tv review

Big Mouth Season 3 Takes a Bigger-Picture View of Puberty

Missy (Jenny Slate), leading the rebellion against a dress code in season three of Big Mouth. Photo: Netflix

In its animated portrait of kids navigating the choppy waters of puberty, Big Mouth has focused largely on the sexual aspects of coming of age. During its initial two seasons, the Netflix series tackled menstruation, masturbation, questions about sexual orientation, body image, and the stress of first kisses and ugly breakups. In its newly dropped third season, the series is still operating in that same hormonal middle-school milieu. One episode offers a tutorial on vibrators, along with some encouraging words from a vagina voiced by Kristen Wiig. In all of the episodes, there is an abundance of jokes about boners, orgasms, and various sexual activities, including having sex with roast turkeys, obviously. But the latest season also addresses the broader change that happens when kids reach puberty: how they start to shed their childhood selves and adopt new identities. In its story lines and its genre-hopping approach to season three, Big Mouth the series goes through its own version of that same process.

The Netflix series, created by Nick Kroll, Andrew Goldberg, Mark Levin, and Jennifer Flackett, has shown an interest in experimentation before. It staged a few musical numbers in its first two seasons and in this year’s Valentine’s Day special. Season two’s Planned Parenthood episode, with its sexual-health-themed sketches, was a terrific diversion from the usual. But season three throws tonal and stylistic curveballs even more frequently.

There are more musical sequences, including an anti-slut-shaming pop song called “Slut Walk,” a hair-metal-style salute to the many “great” things about the state of Florida, and an episode largely devoted to a middle-school production of a musical based on the 1994 erotic thriller Disclosure. There’s a road trip episode in which Nick (Kroll) joins Andrew (John Mulaney) and his family on a spring break trip to visit Andrew’s grandfather in Florida. Another is a full half-hour biopic about Duke Ellington, narrated by the ghost of Duke Ellington who lives in Nick’s attic. The season finale unfolds like a teen superhero show on the CW, and we’re not sure until almost the end to what extent it’s a full-on fantasy.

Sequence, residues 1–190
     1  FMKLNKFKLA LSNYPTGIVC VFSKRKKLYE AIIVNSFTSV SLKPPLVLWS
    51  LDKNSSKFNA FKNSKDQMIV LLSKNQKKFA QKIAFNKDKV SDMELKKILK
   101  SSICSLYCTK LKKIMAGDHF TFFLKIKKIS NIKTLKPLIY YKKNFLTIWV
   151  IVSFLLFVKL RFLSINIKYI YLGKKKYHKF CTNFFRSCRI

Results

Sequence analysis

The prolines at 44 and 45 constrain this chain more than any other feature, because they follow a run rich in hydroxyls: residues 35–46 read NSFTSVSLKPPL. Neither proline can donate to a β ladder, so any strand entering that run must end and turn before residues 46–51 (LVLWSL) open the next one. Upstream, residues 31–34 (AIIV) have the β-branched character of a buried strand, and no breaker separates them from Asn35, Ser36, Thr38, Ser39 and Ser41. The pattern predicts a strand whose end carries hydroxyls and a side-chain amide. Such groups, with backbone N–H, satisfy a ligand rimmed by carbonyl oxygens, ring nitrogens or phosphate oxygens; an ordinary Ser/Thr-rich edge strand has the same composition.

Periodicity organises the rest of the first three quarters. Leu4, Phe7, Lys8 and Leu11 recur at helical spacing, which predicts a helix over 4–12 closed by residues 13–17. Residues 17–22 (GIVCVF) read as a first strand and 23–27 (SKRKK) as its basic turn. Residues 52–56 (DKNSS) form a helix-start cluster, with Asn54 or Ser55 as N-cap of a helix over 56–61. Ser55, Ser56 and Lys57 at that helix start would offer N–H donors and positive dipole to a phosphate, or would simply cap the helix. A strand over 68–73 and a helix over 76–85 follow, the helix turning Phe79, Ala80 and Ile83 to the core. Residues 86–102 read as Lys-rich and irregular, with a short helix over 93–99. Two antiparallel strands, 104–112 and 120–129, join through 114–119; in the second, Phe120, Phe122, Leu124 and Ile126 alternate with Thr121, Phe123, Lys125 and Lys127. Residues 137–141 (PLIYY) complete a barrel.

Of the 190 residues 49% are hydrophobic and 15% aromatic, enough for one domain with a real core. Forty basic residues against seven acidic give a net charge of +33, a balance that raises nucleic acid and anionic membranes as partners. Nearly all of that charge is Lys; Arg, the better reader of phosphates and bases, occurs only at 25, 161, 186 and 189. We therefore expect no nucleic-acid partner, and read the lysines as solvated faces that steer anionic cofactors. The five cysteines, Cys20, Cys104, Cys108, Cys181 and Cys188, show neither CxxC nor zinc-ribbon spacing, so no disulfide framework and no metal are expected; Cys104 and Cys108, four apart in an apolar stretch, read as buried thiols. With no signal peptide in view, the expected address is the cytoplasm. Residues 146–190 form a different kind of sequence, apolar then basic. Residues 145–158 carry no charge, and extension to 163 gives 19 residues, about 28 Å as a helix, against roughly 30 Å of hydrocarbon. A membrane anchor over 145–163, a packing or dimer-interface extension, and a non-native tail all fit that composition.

It’s as if Big Mouth has reached an age where it wants to try on different personas just to see how they fit — which is also what happens to most people during their preteen years. Yes, the hormonal changes make you unpredictably horny and rage-y and sensitive, as Big Mouth has made clear on numerous occasions. But puberty is also the human equivalent of molting. Kids shed the skins they’ve been wearing since kindergarten and start to look for different ones to wear. They push boundaries —note: this is why it’s hard to parent preteens — and they seek new experiences. Some of them are the sexual kind. But some of them are not.